What if you quit or were fired?
Workers who leave their jobs for personal reasons or who are fired may not be eligible for Unemployment Insurance benefits. If these circumstances apply to your application, we will need more information from you before we make a decision.
If you quit your job without "good cause connected with the work" you may not be eligible to receive benefits. "Good cause connected with the work" means that your reason for leaving must be directly related to your job, and be so compelling that you had no choice but to leave the job. While in most cases you cannot voluntarily quit a job and collect unemployment insurance benefits, where you can show “unsafe, unhealthful, or dangerous” working conditions, that were so intolerable that you had “no choice but to leave the employment,” you could be eligible to collect unemployment insurance benefits. The burden of proof is on you, the employee, to prove that you quit for good cause.
If you leave your job for personal reasons – for example, to move out of the area – your reason for quitting is not connected with the work. If you quit your job for better pay or more hours, you may be eligible for benefits under certain circumstances.
In both cases, a claims examiner will contact you by phone or email for a fact-finding interview to decide if you are entitled to benefits based on Unemployment Insurance law and policies.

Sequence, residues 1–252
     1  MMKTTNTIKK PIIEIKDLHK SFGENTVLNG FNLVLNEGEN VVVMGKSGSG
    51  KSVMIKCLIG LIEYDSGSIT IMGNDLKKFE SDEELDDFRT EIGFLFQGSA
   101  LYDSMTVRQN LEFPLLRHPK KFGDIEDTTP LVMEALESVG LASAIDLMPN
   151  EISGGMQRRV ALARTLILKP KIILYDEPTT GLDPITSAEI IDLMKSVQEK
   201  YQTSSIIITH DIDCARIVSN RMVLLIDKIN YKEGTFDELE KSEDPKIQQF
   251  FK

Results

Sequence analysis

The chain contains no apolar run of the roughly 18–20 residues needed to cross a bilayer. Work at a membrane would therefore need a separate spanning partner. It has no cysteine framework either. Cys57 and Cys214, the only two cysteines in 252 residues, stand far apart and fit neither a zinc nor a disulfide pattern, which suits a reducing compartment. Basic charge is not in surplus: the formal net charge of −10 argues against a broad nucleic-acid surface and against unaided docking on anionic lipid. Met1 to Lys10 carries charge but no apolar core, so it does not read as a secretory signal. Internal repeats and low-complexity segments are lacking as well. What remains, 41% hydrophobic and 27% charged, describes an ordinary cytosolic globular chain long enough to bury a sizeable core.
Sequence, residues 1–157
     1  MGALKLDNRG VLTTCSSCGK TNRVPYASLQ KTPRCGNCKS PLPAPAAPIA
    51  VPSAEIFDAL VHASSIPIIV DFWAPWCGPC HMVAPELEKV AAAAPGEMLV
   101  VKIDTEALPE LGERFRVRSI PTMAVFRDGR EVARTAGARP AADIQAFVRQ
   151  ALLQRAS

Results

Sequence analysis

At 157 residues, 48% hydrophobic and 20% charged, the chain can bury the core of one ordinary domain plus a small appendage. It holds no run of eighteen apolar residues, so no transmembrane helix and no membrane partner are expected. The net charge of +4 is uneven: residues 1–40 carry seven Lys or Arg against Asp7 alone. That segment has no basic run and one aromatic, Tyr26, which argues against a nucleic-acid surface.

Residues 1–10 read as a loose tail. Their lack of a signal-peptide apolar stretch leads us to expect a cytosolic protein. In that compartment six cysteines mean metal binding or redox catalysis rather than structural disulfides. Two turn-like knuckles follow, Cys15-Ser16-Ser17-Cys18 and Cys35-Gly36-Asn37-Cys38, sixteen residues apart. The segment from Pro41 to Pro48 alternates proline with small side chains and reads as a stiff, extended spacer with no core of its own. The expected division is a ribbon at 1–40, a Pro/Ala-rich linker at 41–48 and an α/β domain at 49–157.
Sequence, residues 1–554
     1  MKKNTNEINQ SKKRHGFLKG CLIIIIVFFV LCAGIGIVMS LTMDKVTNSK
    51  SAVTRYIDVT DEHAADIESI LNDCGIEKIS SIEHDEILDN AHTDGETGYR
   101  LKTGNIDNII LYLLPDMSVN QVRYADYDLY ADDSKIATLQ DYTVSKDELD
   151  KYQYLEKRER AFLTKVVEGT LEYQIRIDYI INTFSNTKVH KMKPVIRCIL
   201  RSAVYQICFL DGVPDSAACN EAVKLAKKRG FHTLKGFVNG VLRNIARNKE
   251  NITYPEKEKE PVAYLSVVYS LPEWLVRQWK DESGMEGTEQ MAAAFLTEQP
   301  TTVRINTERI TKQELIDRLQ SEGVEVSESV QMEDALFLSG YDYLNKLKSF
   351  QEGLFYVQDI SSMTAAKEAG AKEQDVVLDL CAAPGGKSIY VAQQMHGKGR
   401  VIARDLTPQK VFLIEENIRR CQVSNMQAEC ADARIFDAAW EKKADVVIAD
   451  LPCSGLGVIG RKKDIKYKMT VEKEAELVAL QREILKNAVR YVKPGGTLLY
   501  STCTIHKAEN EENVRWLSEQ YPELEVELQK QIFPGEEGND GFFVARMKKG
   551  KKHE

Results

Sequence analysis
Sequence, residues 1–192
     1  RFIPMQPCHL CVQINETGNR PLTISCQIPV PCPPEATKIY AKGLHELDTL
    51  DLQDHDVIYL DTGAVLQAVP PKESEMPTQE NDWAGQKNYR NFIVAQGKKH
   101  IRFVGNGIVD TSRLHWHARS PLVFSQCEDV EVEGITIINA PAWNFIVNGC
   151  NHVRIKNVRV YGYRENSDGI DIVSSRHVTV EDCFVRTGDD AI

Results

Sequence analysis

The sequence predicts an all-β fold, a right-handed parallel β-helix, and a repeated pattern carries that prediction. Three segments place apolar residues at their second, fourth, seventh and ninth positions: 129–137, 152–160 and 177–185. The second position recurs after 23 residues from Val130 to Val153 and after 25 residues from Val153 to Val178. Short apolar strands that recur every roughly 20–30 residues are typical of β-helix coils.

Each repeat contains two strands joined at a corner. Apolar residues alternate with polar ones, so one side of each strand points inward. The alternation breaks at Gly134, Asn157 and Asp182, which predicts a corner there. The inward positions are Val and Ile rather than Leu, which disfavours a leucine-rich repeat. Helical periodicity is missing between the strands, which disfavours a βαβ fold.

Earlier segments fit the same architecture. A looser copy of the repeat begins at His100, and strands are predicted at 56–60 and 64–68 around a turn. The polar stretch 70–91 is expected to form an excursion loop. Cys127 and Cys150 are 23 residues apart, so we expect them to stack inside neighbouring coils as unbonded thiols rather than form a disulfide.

However, if leaving your job was related to domestic violence, of if your spouse/civil union partner is an active military member who is being transferred outside of state, you may still be eligible to collect benefits. You will be scheduled for a claims examiner interview or emailed a questionnaire to provide proof of these circumstances. The examiner will decide if you can receive benefits based on Unemployment Insurance laws and regulations.
To remove a disqualification for voluntary leaving, you must return to work (in covered employment) for at least eight weeks, earn at least 10 times your weekly benefit rate, and then become unemployed through no fault of your own.
If you were fired or discharged from your job, you may not be eligible for benefits. A claims examiner will determine if there was any misconduct connected to your separation.
There are two types of misconduct: misconduct and gross misconduct.
A misconduct disqualification would begin the week your firing or suspension occurred, and continue for the next five weeks. After the disqualification period ends, you may be eligible to collect benefits.
If you were fired for any reason that is serious enough to be considered a crime of the first, second, third, or fourth degree under the New Jersey Code of Criminal Justice, you may be disqualified from collecting benefits indefinitely. This is known as a gross misconduct discharge.
To remove a gross misconduct disqualification, you must return to work (in covered employment) for at least eight weeks, earn 10 times your weekly benefit rate, and then become unemployed through no fault of your own. In addition, the wages you earned with the employer who discharged you cannot be used to establish a current or future claim for Unemployment Insurance benefits, or to remove a disqualification.
If you were fired, you will have a fact-finding interview either by phone or email to determine your eligibility. The examiner may request certain documentation as supporting evidence of your separation. The examiner will determine if you are entitled to benefits based on Unemployment Insurance laws and regulations. An exception to a disqualification based on willful misconduct may apply when the separation was related to or due to domestic violence.